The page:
What did we learn from Seaton Tramway’s Tramathon?

Over the week of 8th June 2020, the Seaton Tramway had a week of remote events to not only entertain us but also to help raise funds to secure the future of the Tramway, with their main stream of money currently unavailable as a result of their enforced closure. With various different events taking place – culminating in a full 24 hour “Tramathon” which saw trams run on the line throughout the night – there were plenty of snippets of information for both the immediate and longer term futures and in this article we take a look at some of these.

* As we’ve featured on these pages before, 7 was taken down to Seaton Station ahead of the event and that is where it stayed throughout the event. Not having run in passenger service for 14 years, it is hoped to get the tram back on the rails in the future and part of the fundraising from the event should go towards making this possible.

* 14 – the former Metropolitan Electric Tramways 94 – is enjoying some attention in the depot including a repaint.

* A number of the trams have received small 50th Anniversary stickers on their dash panels. 2020 is, of course, the 50th anniversary of the tramway with a celebration originally due to take place in August.

* Some progress has been made on the new halts due to be added to the line. Both Riverside Halt and Seaton Wetlands Halt were due to open in 2020 although the current pandemic is likely to mean the Wetlands Halt doesn’t welcome its first passengers until next year now (although it is hoped construction may commence in 2020). Work has started on Riverside Halt with new decking installed outside the depot giving a larger space for visitors to congregate as the wait for the next tram to arrive. Further work is also required here before it is ready for opening but excellent progress has been made.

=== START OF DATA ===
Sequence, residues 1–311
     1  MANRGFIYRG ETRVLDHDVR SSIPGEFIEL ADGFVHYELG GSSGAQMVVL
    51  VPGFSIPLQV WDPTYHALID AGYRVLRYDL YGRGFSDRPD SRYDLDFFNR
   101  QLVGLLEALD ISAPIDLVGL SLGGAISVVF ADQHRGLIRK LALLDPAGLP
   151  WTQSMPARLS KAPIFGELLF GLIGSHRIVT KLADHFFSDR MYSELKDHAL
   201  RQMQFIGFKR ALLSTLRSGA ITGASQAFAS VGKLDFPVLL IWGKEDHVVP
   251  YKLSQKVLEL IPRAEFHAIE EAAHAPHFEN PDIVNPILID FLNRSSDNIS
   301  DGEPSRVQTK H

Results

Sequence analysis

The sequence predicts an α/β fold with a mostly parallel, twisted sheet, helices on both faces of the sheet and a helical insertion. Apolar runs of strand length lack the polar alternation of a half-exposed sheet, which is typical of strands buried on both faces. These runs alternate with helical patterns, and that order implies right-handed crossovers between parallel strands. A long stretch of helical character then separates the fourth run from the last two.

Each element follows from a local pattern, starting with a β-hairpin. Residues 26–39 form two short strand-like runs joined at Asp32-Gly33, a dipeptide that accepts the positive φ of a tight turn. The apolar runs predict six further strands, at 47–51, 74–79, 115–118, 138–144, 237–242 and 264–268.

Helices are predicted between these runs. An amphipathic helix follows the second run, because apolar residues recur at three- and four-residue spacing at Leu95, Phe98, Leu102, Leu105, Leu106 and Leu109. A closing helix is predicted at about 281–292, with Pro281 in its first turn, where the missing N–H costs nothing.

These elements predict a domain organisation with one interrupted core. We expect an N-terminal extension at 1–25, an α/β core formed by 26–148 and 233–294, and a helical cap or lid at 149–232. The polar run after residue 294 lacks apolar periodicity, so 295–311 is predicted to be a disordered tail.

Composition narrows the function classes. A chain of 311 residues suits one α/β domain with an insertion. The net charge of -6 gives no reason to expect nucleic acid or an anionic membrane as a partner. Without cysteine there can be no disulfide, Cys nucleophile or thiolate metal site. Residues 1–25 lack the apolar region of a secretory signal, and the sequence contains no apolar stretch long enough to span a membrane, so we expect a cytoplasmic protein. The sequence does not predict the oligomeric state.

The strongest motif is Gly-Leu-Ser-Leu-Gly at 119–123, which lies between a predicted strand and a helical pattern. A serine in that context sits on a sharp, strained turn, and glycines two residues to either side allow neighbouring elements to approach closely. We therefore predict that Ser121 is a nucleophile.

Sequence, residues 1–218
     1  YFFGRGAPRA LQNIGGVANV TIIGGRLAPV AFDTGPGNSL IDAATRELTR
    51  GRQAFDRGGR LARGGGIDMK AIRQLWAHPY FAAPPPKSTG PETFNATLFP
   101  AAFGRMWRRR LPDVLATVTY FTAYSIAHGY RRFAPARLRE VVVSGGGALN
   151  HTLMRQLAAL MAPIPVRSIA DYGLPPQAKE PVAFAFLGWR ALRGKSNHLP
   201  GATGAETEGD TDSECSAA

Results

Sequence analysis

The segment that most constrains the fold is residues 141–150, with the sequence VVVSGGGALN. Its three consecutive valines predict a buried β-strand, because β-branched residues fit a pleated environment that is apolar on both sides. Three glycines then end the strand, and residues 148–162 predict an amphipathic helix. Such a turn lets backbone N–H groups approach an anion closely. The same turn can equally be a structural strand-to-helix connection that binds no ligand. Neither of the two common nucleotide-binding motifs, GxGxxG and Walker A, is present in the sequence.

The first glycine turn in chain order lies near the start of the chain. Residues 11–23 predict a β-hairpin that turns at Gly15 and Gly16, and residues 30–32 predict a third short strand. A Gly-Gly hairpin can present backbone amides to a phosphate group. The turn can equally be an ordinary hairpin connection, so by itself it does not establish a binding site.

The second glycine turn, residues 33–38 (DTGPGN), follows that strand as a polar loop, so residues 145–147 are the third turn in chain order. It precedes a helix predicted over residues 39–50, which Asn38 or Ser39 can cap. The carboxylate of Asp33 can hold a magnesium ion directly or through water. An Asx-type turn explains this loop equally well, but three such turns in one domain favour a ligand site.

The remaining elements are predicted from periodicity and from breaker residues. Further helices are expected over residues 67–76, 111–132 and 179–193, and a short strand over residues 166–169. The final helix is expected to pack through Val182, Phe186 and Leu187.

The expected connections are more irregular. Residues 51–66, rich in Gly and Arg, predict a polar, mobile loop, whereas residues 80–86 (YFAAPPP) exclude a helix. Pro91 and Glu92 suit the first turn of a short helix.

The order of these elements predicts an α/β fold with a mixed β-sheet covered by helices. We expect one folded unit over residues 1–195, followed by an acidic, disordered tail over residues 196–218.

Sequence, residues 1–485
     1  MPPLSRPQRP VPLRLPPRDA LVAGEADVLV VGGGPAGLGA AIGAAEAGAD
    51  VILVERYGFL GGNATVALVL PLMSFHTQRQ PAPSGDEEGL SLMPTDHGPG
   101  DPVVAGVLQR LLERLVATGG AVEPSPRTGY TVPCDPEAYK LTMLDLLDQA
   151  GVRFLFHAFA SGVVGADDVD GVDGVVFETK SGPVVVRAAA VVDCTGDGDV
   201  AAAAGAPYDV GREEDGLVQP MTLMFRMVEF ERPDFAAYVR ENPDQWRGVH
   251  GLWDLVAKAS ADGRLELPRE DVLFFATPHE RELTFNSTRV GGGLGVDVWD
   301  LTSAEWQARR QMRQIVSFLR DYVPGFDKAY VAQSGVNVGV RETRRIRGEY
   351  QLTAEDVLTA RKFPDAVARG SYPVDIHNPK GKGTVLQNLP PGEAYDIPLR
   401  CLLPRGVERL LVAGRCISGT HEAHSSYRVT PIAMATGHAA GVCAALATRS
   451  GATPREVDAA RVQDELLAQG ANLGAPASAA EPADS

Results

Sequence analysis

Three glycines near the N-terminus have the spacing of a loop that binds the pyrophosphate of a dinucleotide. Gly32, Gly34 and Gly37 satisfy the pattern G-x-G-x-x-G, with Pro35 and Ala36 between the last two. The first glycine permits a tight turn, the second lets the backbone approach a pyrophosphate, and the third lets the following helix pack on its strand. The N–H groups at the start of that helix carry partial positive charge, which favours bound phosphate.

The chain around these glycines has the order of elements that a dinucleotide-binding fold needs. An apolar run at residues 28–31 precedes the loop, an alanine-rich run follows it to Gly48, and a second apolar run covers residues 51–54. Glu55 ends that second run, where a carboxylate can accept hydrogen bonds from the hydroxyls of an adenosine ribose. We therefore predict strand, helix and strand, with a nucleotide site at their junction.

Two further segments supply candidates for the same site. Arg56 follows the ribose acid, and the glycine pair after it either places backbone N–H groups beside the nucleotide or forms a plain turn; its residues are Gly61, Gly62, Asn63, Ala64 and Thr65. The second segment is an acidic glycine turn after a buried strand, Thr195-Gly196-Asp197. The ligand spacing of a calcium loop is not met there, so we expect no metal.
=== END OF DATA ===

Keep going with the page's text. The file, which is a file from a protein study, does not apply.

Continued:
* Preparations for a reopening when permission is given are ongoing. This includes special one-way routes into and out of stations, floor markings, hand sanitiser stations, Perspex screens at tills and the limitation of passenger numbers on each tram. There will be a change of loading arrangements at Colyton Station with the tram loading at the Colyford end of the platform instead of the other end to aid social distancing. No date has yet been set for the tramway to open again but these preparations are making sure they are fully ready for when they can.

* No. 4 looks stunning with its lights illuminated in the dark as seen during the 24 Hour Tramathon. A rare sight on the tramway in recent years could evening services be a way of getting extra people to visit on those warmer summer evenings in the future?

The events held on the Seaton Tramway’s Facebook page were an enjoyable way to spend the hours with friendly and personable hosts from the Tramway, answering questions and providing an insight into the operations of the Tramway. We may be in unprecedented times but it is events such as these which help to keep heritage lines in the public eye whilst they are unable to operate a public service.

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